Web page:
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To meet the food demand of a growing global population, agricultural production will have to more than double in this century. Agricultural land expansion combined with yield increases will therefore be required. This thesis investigates whether enough water resources will be available to sustain the future food production. Using a global scale hydrology and crop growth model, the combined effect of climate change and socio economic changes on water scarcity and food production were quantified.
The first thing to explore was where water for agriculture is currently extracted. Reservoirs behind large dams are found to be very important for agriculture and contribute around 18% of the total irrigation water today. It is shown however that with current reservoir capacities and irrigation efficiencies, not enough water can be supplied to sustain an increased food production. Irrigation water shortage can lead to a loss of 20% of the irrigated crop production globally, but with important regional differences. Regions particularly at risk include basins in Southern Africa and South Asia, where production losses on irrigated cropland can become over 50%. This means that unless major investments are made towards improving irrigation efficiency and increasing storage capacity, water shortage will put a serious constraint on future food production.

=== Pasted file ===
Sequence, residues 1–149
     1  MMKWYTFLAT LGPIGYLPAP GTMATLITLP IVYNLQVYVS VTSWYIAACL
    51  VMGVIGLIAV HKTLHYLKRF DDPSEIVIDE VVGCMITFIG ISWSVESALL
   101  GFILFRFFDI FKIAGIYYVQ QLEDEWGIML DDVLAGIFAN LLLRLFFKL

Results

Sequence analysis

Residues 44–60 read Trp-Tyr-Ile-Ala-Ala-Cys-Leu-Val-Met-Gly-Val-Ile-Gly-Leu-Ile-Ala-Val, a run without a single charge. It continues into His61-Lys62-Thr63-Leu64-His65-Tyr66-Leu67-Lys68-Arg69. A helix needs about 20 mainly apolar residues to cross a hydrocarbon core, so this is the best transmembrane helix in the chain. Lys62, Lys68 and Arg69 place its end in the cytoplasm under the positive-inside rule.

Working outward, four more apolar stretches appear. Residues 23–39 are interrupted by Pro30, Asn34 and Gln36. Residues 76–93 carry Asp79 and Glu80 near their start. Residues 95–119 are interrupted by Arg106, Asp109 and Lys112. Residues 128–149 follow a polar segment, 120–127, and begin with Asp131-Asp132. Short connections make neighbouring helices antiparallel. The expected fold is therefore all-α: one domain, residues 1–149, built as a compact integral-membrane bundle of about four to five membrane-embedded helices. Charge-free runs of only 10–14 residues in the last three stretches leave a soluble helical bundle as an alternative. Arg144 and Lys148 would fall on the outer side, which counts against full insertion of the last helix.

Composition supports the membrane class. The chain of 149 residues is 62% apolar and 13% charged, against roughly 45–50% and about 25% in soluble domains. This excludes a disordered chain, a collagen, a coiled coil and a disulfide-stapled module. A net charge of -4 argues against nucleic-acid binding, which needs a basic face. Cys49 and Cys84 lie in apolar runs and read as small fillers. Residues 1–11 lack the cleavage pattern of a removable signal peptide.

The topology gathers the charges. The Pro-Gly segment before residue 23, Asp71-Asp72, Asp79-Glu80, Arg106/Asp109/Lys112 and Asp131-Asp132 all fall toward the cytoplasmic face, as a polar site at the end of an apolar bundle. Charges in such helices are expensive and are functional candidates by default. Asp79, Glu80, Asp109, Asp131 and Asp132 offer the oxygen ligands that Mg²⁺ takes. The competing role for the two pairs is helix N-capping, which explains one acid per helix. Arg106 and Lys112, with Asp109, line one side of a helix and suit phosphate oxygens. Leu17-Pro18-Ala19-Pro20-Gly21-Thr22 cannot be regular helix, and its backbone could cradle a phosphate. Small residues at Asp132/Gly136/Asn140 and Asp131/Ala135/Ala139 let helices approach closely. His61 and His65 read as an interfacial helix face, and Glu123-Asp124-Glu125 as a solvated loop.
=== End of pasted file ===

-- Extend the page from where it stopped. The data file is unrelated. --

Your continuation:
|Qualification||Doctor of Philosophy|
|Award date||5 Oct 2012|
|Place of Publication||S.l.|
|Publication status||Published - 2012|
- water supply
- water availability
- food production
- climatic change
- south asia
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- 5 Finished
1/01/11 → 31/12/12
Climate change and global water resources: global adaptation strategies for the agricultural sector (KB-11-001-006)
1/01/11 → 31/12/15
1/01/11 → 31/12/14